Ukraine slams Russian attack on Kyiv during UN leader’s visit

Ukraine’s leader accused Russia of trying to humiliate the United Nations by raining missiles on Kyiv during a visit by Secretary-General Antonio Guterres, an attack that shattered the capital’s attempt to return to normality as the focus of the war moved east.

President Volodymyr Zelensky said Ukraine’s forces were holding off Russia’s attempted advance in the south and east, as efforts continued to secure safe passage for residents trapped in Mariupol, which has been largely reduced to rubble in a two-month-long siege. An official in the president’s office did not rule out an evacuation as soon as Friday.

Russia pounded targets all over Ukraine on Thursday, including the attack on Kyiv that struck a residential high-rise and another building. US-funded broadcaster Radio Free Europe/Radio Liberty said its journalist Vira Hyrych, who lived in one of the buildings hit, died. Her body was found in the rubble on Friday.

Ten people were wounded in the attack, including at least one who lost a leg, according to Ukraine’s emergency services.

In an apparent reference to the same strike, Russia’s Defense Ministry said Friday that it had destroyed “production buildings” at the Artem defense factory in Kyiv.

The attack on Kyiv came barely an hour after Zelensky held a news conference with Guterres, who toured some of the destruction in and around Kyiv and condemned attacks on civilians during his visit.

United Nations Secretary-General Antonio Guterres, center, stands on the side of a mass grave in Bucha, on the outskirts of Kyiv, Ukraine, on April 28. (Efrem Lukatsky/The Associated Press)

“This says a lot about Russia’s true attitude towards global institutions, about attempts of Russian authorities to humiliate the UN and everything that the organization represents,” Zelensky said in an overnight video address to the nation. “Therefore, it requires corresponding powerful reaction.”

Kyiv Mayor Vitali Klitschko derided the attack as equivalent to Russian President Vladimir Putin showing Guterres “his middle finger.”

The strikes were the boldest Russian bombardment of the capital since Moscow’s forces retreated weeks ago, following their failure to take the city in what they hoped would be a lightning offensive. Instead, stiff Ukrainian resistance, bolstered by Western arms, stalled Putin’s advance and forced his troops to pull back to regroup.

Some have started to push into the country’s eastern industrial heartland of the Donbas, which Moscow now says is its focus. Getting a full picture of the unfolding battle in the east has been difficult, because airstrikes and artillery barrages have made it extremely dangerous for reporters to move around. Both Ukraine and Moscow-backed rebels fighting in the east have also introduced tight restrictions on reporting from the combat zone.

Kyiv residents leave their apartment building on Friday after it was destroyed by Russian shelling. (Gleb Garanich/Reuters)

But so far, Russia’s troops and the separatist forces appear to have made only minor gains, and Britain’s Defense Ministry said Friday that those have been achieved at significant cost to Russia’s forces.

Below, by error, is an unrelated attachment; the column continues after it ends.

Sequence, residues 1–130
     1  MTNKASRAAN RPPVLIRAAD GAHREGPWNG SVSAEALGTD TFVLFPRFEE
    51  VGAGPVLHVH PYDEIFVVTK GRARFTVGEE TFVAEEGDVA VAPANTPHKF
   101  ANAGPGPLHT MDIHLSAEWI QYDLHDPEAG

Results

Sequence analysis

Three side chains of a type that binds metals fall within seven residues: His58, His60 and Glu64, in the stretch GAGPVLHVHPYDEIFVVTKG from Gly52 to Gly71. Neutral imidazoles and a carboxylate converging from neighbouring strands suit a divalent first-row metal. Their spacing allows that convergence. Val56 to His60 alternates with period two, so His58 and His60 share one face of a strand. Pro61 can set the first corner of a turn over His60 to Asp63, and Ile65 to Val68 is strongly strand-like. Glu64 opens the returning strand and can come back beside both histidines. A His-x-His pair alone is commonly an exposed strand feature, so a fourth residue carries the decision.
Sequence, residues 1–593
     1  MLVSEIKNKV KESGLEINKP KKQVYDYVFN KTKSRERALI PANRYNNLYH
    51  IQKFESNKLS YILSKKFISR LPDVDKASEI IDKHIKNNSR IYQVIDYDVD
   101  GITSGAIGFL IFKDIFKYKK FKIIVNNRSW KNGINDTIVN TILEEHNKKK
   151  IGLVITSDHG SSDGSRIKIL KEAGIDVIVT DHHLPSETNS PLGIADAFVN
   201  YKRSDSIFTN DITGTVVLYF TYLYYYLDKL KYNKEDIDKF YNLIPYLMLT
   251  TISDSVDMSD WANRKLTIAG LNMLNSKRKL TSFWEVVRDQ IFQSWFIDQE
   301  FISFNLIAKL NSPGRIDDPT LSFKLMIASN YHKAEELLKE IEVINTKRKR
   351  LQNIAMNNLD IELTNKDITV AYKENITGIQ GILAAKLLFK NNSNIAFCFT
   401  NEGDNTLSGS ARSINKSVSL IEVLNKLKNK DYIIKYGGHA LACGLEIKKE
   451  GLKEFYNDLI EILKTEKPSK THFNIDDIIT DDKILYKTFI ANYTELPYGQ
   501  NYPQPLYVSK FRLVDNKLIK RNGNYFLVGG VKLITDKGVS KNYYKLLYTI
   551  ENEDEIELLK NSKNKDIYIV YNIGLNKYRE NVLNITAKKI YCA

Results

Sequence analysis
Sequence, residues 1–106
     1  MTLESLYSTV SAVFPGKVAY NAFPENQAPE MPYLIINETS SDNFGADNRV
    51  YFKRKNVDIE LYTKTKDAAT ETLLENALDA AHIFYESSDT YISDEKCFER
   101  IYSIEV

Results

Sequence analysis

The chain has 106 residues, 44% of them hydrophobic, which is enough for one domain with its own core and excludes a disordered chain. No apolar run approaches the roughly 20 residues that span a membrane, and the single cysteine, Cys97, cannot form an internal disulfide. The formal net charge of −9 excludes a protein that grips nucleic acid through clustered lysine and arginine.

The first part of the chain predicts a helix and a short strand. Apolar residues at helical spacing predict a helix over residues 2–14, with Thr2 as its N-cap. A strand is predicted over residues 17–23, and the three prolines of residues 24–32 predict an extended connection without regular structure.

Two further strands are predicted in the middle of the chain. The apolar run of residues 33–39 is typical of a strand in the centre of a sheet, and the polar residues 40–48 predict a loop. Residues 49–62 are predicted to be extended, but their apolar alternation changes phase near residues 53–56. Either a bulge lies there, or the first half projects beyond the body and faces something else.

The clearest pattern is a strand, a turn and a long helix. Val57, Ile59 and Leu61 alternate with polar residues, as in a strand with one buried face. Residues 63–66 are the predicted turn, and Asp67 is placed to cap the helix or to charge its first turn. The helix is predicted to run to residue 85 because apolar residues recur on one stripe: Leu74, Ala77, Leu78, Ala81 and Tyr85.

One aim of Guterres’s visit was to secure the evacuation of people from the ruined southern port city of Mariupol, including a shattered steelworks where Ukrainian defenders are holed up and hundreds of civilians are also sheltering, Previous evacuation attempts have collapsed.

“I cannot confirm the exact details of the operation to make sure it is done with safety for our people and for civilians stranded in Mariupol,” said Saviano Abreu, a spokesperson for the UN’s humanitarian office.

Negotiations underway

An official in Zelensky’s office said negotiations were underway with UN mediation, and did not rule out an evacuation of the plant happening Friday. The official spoke on condition of anonymity, because they were not authorized to speak to the media.

Mariupol has seen some of the most dramatic suffering of the war. Under siege since the early days of the invasion, many of its residents became trapped with scarce access to food, water, medicine or electricity.

An estimated 100,000 people are believed to still be in the city, and the city council warned Thursday that a lack of safe drinking water or a working sewer system could lead to outbreaks of deadly diseases such as cholera and dysentery. It added that bodies lay decaying under the rubble.

Russian forces largely control the city, but some 2,000 Ukrainian fighters are holed up at the steel plant, the last known pocket of resistance. About 1,000 civilians are with them, and the fighters said recent concentrated bombings killed and wounded people.

Video posted online by Ukraine’s Azov Regiment inside the steel plant showed people combing through the rubble to remove the dead and help the wounded. The regiment said the Russians hit an improvised underground hospital and its operating room, killing an unspecified number of people. The video couldn’t be independently verified.

Russia’s invasion of its neighbor on Feb. 24 upended the post-Cold War security order. Putin, long irked by NATO’s expansion to eastern Europe, says the operation seeks the “demilitarization” of Ukraine, aims to protect people in the mostly Russian-speaking Donbas and ensure Russia’s own security. One of Moscow’s demands has been that Ukraine drop its bid to join the western NATO alliance. Ukraine and the West say it was an unprovoked and illegal invasion launched to topple the government in Kyiv.

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